What’s your Upper of Choice? – By Helen May


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A few years before I had diabetes, I went on a walking holiday around the South East coast of Crete. The weather was great. The scenery was beautiful. The food was amazing. The walking was perfect. The company was American. I have nothing against our friends from across The Pond and I always try not to generalise on national characteristics. They were a good cross-section: from as far North as Washington state to as far South as Georgia; they were aged from their twenties to sixties. About all you could say they had in common was they liked walking.

However, I did notice one difference between this group of ramblers and others I have met. They all liked frequent discussion about illness and medication. This characteristic surprised me. Maybe it had nothing to do with our nationalities but just about our upbringing. I grew up in a household where, if we had a family motto, it would “Don’t make a fuss”. And my family have always been pretty fit: my parents who, now, are both in their seventies, include the gym and horse-riding as regular hobbies and take no medication.

Whatever the reason, I was surprised to listen to their drug comparisons for migraines and sciatica and… My experience has always been to take the drugs I am prescribed and ask for something stronger/different only if they don’t work or if you experience a nasty side-effect. Perhaps the US health-insurance system encourages more ownership of the problem and the prescription.

Until I was diagnosed with diabetes, I had nothing to compare medical notes with. Since being diagnosed, I still keep to the family motto and get on with it: the insulins I am on keep my sugar levels well controlled and I have no side-effects that I can attribute to them.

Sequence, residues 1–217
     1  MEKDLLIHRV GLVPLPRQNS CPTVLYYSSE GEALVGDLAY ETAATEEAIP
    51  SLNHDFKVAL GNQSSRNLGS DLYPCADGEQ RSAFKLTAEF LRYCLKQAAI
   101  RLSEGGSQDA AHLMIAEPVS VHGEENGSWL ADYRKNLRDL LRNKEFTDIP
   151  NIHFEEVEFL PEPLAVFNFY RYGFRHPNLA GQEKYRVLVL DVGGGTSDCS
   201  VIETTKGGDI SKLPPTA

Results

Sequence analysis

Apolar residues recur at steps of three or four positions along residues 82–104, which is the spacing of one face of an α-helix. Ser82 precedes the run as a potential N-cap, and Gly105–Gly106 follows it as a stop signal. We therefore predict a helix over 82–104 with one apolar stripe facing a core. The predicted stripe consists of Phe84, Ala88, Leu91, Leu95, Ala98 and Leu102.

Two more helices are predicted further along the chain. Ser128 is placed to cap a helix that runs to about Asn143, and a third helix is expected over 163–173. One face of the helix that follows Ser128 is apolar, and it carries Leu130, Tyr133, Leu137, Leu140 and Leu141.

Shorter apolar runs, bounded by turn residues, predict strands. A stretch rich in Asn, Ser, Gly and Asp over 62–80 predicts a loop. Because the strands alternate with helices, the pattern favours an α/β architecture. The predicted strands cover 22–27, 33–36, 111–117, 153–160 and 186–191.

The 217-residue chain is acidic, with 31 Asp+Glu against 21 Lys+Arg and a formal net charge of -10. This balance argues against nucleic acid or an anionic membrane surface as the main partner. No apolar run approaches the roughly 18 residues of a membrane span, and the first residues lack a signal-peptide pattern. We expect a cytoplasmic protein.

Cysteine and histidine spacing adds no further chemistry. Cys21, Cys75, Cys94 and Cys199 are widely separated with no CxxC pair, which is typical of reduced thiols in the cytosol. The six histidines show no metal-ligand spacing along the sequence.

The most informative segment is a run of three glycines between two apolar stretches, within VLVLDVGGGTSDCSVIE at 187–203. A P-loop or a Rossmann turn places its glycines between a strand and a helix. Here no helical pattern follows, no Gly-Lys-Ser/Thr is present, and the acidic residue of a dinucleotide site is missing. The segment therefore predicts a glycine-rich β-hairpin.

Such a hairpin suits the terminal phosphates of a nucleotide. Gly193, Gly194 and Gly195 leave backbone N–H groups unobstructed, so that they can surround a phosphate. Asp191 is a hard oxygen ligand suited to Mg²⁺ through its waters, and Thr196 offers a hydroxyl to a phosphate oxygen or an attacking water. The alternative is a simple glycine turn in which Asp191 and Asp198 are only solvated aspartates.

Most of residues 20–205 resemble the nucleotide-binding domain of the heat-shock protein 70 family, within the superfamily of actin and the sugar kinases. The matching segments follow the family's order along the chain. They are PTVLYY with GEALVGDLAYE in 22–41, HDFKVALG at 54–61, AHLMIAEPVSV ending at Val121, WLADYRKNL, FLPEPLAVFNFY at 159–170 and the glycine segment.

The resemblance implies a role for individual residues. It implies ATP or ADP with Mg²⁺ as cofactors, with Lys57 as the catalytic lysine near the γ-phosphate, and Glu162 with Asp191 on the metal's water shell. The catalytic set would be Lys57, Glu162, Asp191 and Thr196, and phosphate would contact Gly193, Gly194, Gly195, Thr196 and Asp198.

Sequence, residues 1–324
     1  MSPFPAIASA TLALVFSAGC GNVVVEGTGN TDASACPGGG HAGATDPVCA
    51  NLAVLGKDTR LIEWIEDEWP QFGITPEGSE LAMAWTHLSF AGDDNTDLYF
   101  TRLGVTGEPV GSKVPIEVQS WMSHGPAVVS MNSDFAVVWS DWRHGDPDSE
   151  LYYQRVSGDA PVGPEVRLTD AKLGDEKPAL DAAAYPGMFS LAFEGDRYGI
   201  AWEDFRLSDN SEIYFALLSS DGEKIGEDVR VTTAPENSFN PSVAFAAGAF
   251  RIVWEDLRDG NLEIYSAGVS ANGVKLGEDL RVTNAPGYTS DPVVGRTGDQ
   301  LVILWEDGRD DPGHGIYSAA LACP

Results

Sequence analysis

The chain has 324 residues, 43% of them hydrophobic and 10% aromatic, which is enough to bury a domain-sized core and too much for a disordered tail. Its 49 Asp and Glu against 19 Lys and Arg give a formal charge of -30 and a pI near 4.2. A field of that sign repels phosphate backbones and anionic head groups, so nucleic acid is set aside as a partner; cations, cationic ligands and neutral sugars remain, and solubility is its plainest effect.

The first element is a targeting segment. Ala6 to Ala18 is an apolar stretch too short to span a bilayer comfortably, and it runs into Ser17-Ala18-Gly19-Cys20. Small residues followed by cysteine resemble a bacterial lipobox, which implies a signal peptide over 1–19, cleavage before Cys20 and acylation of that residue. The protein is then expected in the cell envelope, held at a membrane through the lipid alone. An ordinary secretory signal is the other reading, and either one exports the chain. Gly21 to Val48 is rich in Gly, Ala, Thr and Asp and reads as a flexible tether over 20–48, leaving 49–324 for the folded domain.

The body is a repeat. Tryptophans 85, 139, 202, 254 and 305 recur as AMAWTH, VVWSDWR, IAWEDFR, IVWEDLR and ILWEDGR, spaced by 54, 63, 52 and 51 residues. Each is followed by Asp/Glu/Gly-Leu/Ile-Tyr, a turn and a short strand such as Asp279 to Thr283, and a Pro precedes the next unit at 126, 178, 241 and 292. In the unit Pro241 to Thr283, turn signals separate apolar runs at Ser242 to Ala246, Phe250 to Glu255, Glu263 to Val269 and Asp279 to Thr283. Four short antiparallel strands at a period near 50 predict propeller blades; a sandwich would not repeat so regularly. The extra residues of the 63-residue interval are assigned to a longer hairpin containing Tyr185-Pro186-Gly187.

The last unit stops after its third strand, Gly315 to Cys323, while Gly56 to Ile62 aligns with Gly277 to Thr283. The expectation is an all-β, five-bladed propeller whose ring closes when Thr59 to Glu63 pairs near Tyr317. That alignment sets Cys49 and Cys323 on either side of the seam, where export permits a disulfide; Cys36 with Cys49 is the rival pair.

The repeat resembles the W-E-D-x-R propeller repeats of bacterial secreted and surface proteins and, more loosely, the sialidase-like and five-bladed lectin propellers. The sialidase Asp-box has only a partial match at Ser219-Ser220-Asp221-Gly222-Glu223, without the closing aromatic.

That is until I started blogging. I have had compared pens with pumps and gained a great insight thanks to readers of the Diabetes UK blogs. So, I thought it was time to find out about options for another component of my diabetes kit.

When I was diagnosed, the diabetes nurse told to keep dextrose with me to treat hypos. Once I found the blackcurrant ones (there is something about fake orange flavour I find difficult to stomach), they have worked for me: their size is easy to carry in my pocket or small bag and I can choose how many to take knowing, approximately, the affect one tablet has on my blood sugar. Unfortunately, my hypos come in waves: I can go for weeks with nothing and then my blood sugars bounce between 2.5 and 5.5 for a few days. Over these times, I have become bored with dextrose and I have been known to dabble in dried apricots but I always come back to my trusty dextrose. And at night, these are supplemented by a muesli bar to maintain my levels.

But I realised recently many people blog about Lucozade to treat their hypos. Olly wrote about his son’s school office looking after a supply, Jen wrote about searching for her bottle in the bottom of her bag and quite a few people suggested Lucozade to top up my blood sugars before going to bed. I can understand that a drink can be easier to swallow than tablets and not as filling. But is that true when it’s fizzy like Lucozade? Or do you mean the non-fizzy Lucozade Sport? And is the benefit of liquid worth the hassle of carrying around a bottle?

Is it time to change my “Upper of choice”? Are there other sweet delights out there to right my insulin wrongs?

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2 Comments

  1. Kate says

    There is nothing better than some chocolate to treat the hypos or 5 (could be a different amount for you) Jelly Babies/Haribos… I can’t stomach any Dextrose, I hate them, so I figured a treat that will up my sugars in my time of need, will satisfy every craving!

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